Help, I feel so out of control!

OK so I was diagnosed with t1d back in October. I didn't have a huge reaction at the time as I have always lived an active lifestyle and have eaten healthy for a while. I have no problem with needles or blood so I didn't think it would be that much of a lifestyle change. However, now I feel entirely differently. In the past, I handled stress through restricting, binging, and purging. I frequently only ate one meal a day and would go a few days without eating. I have never really enjoyed food and always just ate because it was something I had to do. NOW I am incredibly stressed and feel like I have no control in my life. My whole life now has to revolve around food, how much I eat, counting carbs, when I eat. And I have to eat so much more often. Because I get so stressed about eating, I've had a lot of lows recently. All I've ever really felt I had control over my was what I put in my body and now I don't have that, my diabetes has it.
How have you guys dealt with past unhealthy eating habits? Do you have any advice to make all the eating less stressful?

Hi Dana825

Id love to help you. Have you visited the website I run? My story is on the about us section of the site as well as my email. I have struggled with the very same things you have struggled with; and there is hope, and life out of the vicious cycle you find yourself in right now. The path is different for every person, and Id love to help you find yours!

As someone who has had an eating disorder since age 14, it was an intense reality check when I was diagnosed a little over two years ago at age 25. Aside from my issues with food and body image, I am a very healthy person. Unlike you, I do actually enjoy food, I just had/have a very unhealthy relationship to it. You are only a little over half a year into remapping your existence in order to live healthy and happy with this disease. It will be different for everyone, but it took me about a year to stop obsessing about the amount of food and how often and to start taking my insulin properly (not omitting it). I did seek help for this, I went to therapy and even visited an eating disorder clinic that specialized in diabetic patients. Do you like making lists? if you know it will be difficult for you to eat a certain amount of food in a given day, consider making a list of foods you are willing to eat in order to stay alive and healthy. Make another list of foods that you know will bring you anxiety and choose not to eat them, even if someone else (a doctor, nutritionist, family member) thinks otherwise. Figure out what you can eat that will make you feel good, not guilty or ashamed and keep you healthy! Also, you will find that the lower card you eat and the less bingeing you are able to do, the less insulin you take over all, which equates to more balance and less lows. Good luck and feel free to private message me.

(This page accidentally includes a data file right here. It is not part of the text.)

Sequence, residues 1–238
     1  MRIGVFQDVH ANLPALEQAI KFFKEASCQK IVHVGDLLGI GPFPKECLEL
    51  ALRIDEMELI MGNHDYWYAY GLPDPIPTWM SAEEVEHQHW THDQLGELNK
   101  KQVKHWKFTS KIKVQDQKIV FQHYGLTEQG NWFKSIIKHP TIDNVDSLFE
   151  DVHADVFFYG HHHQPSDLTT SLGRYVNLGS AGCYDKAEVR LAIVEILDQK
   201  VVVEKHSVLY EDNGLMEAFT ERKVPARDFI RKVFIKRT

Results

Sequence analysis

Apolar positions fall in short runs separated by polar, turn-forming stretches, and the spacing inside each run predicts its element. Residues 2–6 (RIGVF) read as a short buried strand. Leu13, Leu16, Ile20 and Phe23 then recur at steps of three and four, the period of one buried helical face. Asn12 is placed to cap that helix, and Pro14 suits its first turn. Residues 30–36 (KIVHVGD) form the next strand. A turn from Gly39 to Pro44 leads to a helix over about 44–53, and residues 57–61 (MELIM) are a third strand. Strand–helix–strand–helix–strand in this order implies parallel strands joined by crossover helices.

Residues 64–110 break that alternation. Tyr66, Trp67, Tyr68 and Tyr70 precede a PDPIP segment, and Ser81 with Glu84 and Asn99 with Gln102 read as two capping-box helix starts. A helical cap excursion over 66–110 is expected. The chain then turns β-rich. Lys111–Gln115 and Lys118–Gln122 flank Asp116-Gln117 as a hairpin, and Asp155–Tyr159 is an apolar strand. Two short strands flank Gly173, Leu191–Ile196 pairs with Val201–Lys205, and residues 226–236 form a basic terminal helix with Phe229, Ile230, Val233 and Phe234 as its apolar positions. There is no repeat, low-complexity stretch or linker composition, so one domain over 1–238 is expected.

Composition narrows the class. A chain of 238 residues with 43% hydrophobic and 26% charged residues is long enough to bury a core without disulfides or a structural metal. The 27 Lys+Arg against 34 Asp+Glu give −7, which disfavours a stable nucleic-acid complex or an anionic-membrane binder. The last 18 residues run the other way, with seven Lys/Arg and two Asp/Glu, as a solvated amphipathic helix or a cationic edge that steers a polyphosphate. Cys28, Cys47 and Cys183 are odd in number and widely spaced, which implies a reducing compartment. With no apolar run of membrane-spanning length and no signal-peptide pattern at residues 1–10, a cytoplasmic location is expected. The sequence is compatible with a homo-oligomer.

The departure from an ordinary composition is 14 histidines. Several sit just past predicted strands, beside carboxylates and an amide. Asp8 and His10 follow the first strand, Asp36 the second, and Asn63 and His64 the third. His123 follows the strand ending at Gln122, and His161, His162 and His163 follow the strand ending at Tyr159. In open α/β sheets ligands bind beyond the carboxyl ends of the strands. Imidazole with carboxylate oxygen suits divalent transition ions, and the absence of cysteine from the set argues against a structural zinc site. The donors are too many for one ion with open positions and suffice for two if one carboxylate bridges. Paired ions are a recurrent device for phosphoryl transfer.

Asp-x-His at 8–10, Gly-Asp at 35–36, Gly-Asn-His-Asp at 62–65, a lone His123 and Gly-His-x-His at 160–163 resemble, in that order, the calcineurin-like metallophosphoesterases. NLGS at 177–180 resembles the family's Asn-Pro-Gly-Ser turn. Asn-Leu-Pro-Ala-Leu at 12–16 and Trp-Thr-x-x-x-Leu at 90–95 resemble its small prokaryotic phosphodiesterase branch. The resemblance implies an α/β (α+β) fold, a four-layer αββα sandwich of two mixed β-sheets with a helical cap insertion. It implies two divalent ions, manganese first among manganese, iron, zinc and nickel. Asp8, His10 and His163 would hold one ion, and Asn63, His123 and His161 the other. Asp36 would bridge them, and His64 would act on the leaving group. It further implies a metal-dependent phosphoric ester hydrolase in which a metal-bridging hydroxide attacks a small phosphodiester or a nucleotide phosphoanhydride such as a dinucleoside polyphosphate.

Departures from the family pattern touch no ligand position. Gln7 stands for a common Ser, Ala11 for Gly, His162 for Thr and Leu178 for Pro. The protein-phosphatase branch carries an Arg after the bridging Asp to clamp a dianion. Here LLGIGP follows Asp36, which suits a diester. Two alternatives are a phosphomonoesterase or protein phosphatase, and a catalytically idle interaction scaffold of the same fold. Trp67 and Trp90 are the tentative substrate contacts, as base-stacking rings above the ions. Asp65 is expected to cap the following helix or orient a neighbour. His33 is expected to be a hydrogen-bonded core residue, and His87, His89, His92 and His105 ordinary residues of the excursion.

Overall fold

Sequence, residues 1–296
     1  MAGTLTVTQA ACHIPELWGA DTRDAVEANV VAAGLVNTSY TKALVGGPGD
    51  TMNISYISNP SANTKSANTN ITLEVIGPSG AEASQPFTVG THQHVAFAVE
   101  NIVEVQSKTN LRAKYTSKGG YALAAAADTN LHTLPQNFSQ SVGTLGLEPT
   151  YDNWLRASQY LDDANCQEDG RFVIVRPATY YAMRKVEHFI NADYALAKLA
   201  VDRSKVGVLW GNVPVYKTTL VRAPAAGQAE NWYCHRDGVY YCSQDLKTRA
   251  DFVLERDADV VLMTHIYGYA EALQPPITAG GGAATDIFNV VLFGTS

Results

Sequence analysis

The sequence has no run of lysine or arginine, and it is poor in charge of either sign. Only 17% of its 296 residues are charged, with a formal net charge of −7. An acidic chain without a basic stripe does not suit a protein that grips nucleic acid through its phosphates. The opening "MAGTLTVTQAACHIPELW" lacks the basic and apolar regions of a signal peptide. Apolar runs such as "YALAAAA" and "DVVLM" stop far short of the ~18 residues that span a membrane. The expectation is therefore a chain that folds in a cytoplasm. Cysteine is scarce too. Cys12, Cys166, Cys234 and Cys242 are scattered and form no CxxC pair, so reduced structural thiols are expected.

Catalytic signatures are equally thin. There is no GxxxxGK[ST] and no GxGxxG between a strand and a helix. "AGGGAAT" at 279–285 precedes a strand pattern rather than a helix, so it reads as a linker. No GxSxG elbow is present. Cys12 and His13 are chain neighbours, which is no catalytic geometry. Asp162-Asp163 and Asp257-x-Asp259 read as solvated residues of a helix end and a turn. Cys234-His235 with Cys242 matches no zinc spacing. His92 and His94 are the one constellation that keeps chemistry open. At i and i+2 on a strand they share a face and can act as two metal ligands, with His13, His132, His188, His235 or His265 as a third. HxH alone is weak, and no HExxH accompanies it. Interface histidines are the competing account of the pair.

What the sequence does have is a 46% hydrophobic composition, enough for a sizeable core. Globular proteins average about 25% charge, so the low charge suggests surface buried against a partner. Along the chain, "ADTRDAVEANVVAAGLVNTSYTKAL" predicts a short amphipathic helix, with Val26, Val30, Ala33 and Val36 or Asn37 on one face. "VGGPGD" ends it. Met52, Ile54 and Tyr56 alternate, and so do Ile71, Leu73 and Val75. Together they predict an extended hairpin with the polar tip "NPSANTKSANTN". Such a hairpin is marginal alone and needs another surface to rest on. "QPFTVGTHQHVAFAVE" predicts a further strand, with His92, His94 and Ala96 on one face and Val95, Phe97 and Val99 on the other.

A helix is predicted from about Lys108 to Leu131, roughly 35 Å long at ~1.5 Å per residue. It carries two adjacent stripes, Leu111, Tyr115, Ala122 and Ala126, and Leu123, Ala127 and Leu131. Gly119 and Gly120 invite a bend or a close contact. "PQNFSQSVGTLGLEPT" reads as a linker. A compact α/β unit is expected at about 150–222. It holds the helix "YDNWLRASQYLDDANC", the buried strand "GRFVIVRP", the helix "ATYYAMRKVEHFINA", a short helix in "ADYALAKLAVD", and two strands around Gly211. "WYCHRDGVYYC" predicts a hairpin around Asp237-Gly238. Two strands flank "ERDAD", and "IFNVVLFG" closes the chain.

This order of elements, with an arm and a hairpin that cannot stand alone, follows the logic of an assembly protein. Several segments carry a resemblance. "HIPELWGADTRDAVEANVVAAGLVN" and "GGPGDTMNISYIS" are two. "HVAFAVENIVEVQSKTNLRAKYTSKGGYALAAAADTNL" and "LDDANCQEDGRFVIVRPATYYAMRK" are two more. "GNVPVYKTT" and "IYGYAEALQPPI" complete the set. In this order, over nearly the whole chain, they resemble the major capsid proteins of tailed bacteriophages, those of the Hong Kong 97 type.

Totally relate Dana! When I was diagnosed, I thought of it as a blessing that would force me to end my eating disorder. Instead, it just sent me to the restricting end of the spectrum :(

After treatment to help me with the ED, I'm back to eating, but now am stuck in the binge/purge cycle. It's getting to the point where I too am incredibly stressed & feel totally out of control.

A therapist has been telling me that I need to grieve the diagnosis, as well as other difficult life experiences. She thinks this will make it easier to accept the hand I've been dealt & learn to care for myself (instead of kill myself) with food. Still not entirely sure how this grieving thing is supposed to work, but I think there might be something too it. At the beginning, I figured I was an adult, & could handle everything, so I just stuffed away my feelings. Unfortunately, they're all coming back out & are getting harder to ignore.

You're in my prayers!

You aren't alone. Asha's website is a great place to start, but I would encourage you to seek local support with a face-to-face component. I went to a therapist for individual and group body image therapy, and both helped me tremendously. Even after 30 years of T1, I recognize that I will always have issues with food, but neither food nor my diabetes will go away. We have learned to "coexist" so that I can stay as healthy as I can.
Yes, we have lost the ability to decide to eat or not eat (hypoglycemia is my nemesis), but with therapy, it does get better.
I wish you well,

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